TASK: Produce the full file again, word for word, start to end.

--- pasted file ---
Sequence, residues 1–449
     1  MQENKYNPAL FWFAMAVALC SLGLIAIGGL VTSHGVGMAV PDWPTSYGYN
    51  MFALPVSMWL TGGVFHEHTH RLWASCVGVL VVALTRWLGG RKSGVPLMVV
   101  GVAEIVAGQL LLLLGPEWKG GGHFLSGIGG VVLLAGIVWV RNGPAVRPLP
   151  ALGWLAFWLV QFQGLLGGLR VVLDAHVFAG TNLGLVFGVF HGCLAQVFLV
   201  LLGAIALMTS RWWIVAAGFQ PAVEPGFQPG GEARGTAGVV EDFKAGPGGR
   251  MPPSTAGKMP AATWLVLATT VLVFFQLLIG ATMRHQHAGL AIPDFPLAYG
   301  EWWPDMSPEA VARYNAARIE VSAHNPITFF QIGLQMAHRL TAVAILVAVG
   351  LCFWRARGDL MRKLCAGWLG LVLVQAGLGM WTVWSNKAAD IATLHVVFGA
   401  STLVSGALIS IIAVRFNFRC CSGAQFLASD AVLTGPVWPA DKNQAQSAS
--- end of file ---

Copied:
Sequence, residues 1–449
     1  MQENKYNPAL FWFAMAVALC SLGLIAIGGL VTSHGVGMAV PDWPTSYGYN
    51  MFALPVSMWL TGGVFHEHTH RLWASCVGVL VVALTRWLGG RKSGVPLMVV
   101  GVAEIVAGQL LLLLGPEWKG GGHFLSGIGG VVLLAGIVWV RNGPAVRPLP
   151  ALGWLAFWLV QFQGLLGGLR VVLDAHVFAG TNLGLVFGVF HGCLAQVFLV
   201  LLGAIALMTS RWWIVAAGFQ PAVEPGFQPG GEARGTAGVV EDFKAGPGGR
   251  MPPSTAGKMP AATWLVLATT VLVFFQLLIG ATMRHQHAGL AIPDFPLAYG
   301  EWWPDMSPEA VARYNAARIE VSAHNPITFF QIGLQMAHRL TAVAILVAVG
   351  LCFWRARGDL MRKLCAGWLG LVLVQAGLGM WTVWSNKAAD IATLHVVFGA
   401  STLVSGALIS IIAVRFNFRC CSGAQFLASD AVLTGPVWPA DKNQAQSAS